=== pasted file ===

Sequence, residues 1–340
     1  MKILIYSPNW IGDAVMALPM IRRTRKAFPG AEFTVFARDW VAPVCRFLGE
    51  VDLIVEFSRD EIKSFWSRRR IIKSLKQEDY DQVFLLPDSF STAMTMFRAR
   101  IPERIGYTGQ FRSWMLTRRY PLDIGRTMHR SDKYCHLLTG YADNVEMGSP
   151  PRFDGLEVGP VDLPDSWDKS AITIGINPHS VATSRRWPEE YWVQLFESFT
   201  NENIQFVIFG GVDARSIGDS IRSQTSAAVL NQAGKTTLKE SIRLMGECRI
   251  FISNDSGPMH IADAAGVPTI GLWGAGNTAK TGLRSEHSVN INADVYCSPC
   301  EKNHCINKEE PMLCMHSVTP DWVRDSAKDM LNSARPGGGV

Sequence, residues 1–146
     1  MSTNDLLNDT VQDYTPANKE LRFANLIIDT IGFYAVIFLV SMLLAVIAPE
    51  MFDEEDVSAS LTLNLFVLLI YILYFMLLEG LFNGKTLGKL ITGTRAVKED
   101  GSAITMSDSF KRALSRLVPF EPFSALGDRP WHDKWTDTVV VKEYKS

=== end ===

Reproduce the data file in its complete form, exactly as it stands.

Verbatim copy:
Sequence, residues 1–340
     1  MKILIYSPNW IGDAVMALPM IRRTRKAFPG AEFTVFARDW VAPVCRFLGE
    51  VDLIVEFSRD EIKSFWSRRR IIKSLKQEDY DQVFLLPDSF STAMTMFRAR
   101  IPERIGYTGQ FRSWMLTRRY PLDIGRTMHR SDKYCHLLTG YADNVEMGSP
   151  PRFDGLEVGP VDLPDSWDKS AITIGINPHS VATSRRWPEE YWVQLFESFT
   201  NENIQFVIFG GVDARSIGDS IRSQTSAAVL NQAGKTTLKE SIRLMGECRI
   251  FISNDSGPMH IADAAGVPTI GLWGAGNTAK TGLRSEHSVN INADVYCSPC
   301  EKNHCINKEE PMLCMHSVTP DWVRDSAKDM LNSARPGGGV

Sequence, residues 1–146
     1  MSTNDLLNDT VQDYTPANKE LRFANLIIDT IGFYAVIFLV SMLLAVIAPE
    51  MFDEEDVSAS LTLNLFVLLI YILYFMLLEG LFNGKTLGKL ITGTRAVKED
   101  GSAITMSDSF KRALSRLVPF EPFSALGDRP WHDKWTDTVV VKEYKS